While lithium metal batteries could offer better safety, better energy density, and lower weight than lithium-ion technology – thanks to the replacement of heavier graphite with lithium metal as anode – this battery chemistry does not work well with conventional electrolytes.
Therefore, research efforts have been directed toward solid electrolytes that can provide improved performance and are compatible with the lithium metal anode, which currently exhibits the highest theoretical specific power capacity.
Now, researchers at the University of Hong Kong (HKU) have engineered solvent-free single-ion polymer electrolytes which have delivered a significant improvement in ionic transport for lithium-metal battery applications.
Namely, in liquid electrolytes, lithium cations and counter anions move in opposite directions to conduct electricity. Normally, anions move at least four times faster than lithium cations, and thus lithium cation transfer contributes only a small fraction (20%) of the overall ionic current. Meanwhile excessive anions accumulate at the interface between electrode and electrolyte, causing internal short circuits and capacity fade of the battery.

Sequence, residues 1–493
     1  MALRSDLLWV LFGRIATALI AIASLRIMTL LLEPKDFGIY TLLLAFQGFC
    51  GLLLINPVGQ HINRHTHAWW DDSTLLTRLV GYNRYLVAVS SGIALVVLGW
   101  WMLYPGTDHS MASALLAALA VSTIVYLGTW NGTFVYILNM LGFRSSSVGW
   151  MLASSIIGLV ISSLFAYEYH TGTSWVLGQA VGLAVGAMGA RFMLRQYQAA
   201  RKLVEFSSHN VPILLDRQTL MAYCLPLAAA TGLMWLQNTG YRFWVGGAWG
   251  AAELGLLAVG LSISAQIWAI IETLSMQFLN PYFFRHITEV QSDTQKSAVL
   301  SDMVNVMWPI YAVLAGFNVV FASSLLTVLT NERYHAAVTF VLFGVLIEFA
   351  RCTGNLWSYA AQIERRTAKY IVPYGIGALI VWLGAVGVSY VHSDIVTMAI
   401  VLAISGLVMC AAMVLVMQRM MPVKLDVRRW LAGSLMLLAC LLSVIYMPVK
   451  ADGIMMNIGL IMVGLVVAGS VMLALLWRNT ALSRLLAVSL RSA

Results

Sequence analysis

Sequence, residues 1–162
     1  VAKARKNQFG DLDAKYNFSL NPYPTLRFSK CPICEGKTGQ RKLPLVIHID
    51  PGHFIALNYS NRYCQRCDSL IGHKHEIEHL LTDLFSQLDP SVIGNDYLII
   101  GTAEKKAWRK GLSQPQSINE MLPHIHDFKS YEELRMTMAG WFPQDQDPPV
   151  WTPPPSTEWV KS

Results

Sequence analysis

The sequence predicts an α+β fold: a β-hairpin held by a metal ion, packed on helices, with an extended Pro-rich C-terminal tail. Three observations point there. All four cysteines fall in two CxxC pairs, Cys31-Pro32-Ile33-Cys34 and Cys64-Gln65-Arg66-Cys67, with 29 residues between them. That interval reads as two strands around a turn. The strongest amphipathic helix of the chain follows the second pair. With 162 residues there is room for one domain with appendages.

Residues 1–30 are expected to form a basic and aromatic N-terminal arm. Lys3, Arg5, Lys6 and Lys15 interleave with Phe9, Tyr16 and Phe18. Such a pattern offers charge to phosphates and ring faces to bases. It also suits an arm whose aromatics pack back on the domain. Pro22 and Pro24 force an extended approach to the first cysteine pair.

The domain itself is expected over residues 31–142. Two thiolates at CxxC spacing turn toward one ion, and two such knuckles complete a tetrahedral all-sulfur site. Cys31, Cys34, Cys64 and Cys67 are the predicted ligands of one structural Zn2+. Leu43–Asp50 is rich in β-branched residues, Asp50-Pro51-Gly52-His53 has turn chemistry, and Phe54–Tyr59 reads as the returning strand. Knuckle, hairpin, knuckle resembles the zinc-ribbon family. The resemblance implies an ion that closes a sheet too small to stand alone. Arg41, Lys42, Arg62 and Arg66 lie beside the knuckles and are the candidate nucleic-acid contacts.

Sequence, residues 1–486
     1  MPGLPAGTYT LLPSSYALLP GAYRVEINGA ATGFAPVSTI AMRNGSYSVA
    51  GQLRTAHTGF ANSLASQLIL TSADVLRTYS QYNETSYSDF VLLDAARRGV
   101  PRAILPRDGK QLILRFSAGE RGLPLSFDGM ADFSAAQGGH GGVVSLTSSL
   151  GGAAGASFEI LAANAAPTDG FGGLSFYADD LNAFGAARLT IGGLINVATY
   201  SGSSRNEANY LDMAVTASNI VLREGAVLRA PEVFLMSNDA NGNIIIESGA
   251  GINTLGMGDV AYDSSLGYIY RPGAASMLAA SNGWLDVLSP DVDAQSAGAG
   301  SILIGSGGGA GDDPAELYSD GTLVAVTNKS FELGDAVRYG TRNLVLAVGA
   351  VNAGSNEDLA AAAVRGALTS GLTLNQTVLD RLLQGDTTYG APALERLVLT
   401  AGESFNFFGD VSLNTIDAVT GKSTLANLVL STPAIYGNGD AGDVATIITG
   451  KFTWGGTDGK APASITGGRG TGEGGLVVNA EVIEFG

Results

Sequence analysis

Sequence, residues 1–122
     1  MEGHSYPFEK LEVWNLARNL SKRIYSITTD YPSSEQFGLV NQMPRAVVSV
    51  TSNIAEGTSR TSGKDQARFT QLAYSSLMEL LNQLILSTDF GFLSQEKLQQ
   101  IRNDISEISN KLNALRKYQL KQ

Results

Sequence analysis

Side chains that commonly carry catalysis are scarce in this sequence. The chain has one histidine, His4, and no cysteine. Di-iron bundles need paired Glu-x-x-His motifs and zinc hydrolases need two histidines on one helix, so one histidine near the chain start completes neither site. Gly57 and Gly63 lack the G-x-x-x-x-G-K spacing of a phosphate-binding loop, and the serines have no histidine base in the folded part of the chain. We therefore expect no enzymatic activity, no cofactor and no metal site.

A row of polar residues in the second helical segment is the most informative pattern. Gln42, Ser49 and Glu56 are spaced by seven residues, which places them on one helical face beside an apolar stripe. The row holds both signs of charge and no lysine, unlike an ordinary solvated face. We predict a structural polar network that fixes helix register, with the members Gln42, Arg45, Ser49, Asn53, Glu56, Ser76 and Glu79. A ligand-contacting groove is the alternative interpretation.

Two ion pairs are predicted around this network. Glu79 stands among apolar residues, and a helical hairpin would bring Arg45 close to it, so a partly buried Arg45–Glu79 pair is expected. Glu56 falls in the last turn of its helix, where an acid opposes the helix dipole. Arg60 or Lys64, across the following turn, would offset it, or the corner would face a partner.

The newly single-ion conducting polymer electrolytes designed by HKU researchers are reported to overcome these limitations and lead to at least fourfold increase in cationic transport.
The anionic network polymers consist of borate anions bridged by branched ethylene glycol linkers of differing stoichiometric ratios, in which the anions are tethered into the polymer frame, enabling a highly selective cation transport.
The researchers controlled the cation conductivity within the polymer by systematic engineering of segmental mobility. This helped them map out the comprehensive design rules for a new class of highly conductive solid electrolytes, successfully overcoming the persistent problems of current solid electrolytes, such as low cyclability and high overpotential.
“We believe the single-ion conducting polymer electrolytes would open up the possibility of new battery chemistries that will revolutionize the field of rechargeable batteries, and offer a high level of safety, high power density, and long life cycle,” said Jingyi Gao, the first author of the research paper.
According to Dr Dong-Myeong Shin of HKU, the ion-selective electrolytes can also result in fast charging due to low overpotential. “It can allow electric vehicles to be fully charged in just the time needed for drinking a cup of coffee. This remarkable advantage will unlock a new era of a clean energy world,” he adds.
Their findings were discussed in “Engineered networking in a family of solvent-free single-ion conducting borate network polymer electrolytes for Li-metal battery applications” published in Chemical Engineering Journal.
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